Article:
Leaf of Grass began as me sitting by myself in Lowertown, St. Paul and has morphed into a very humble offering of zen practice in the style of my teacher. What we do is really just sitting following Dogen Zenji’s teaching of shikantaza. Many months Leaf of Grass offers opportunities for a day of intensive zazen practice in St. Paul, MN. Please see the calendar page for upcoming days of sitting. We follow an abbreviated version of the sesshin schedule at Sanshinji. Leaf of Grass practice in St. Paul is temporarily suspended while I search for a new place for us to sit and study together.
When I thought I should have a name for this zazen space/group/activity I chose Leaf of Grass. I was inspired by the two writings below. They seemed to verify my sense that it was not only ok but important to name and take seriously this very small offering that I have to make. My aspiration is to put into practice as best I can the teachings of Shohaku Okumura and his teacher Kosho Uchiyama. In Uchiyama Roshi’s last public talk he enumerated seven points of practice. The seventh was “Cooperate with one another and aim to create a place where sincere practitioners can practice without trouble.” Zazen doesn’t depend on having a beautiful zendo or any other accoutrements. All that’s required is a quiet, safe space where people can sit together. Looking around I realized that at the very least I could provide that.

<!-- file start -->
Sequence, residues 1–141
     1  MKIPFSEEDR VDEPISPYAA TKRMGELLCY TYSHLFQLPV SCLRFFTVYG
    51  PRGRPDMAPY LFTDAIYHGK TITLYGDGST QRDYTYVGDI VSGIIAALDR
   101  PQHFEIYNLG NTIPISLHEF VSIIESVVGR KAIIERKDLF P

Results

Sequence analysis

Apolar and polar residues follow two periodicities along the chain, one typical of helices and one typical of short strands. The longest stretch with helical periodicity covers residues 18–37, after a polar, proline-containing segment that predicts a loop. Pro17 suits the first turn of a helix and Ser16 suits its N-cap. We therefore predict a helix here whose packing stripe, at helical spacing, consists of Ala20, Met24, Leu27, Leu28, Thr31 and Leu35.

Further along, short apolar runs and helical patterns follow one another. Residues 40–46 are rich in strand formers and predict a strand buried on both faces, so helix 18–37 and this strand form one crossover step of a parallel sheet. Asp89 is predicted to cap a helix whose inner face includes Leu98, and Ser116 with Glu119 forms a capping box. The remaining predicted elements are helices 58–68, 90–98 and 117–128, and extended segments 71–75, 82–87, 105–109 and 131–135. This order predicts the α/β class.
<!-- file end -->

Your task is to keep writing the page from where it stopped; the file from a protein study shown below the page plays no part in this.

When the World-Honored One was walking with his assembly, he pointed to the ground with his hand and said, “This place is good for building a temple.” Hearing this, the god Indra took a stalk of grass and stuck it in the ground and said, “The temple has been built.” At this, the World-Honored One smiled. (Book of Serenity case 4)
I believe a leaf of grass is no less than the journey work of the stars.
Leaf of Grass sittings are hosted by Doan Brian Roessler, a disciple of Shohaku Okumura Roshi.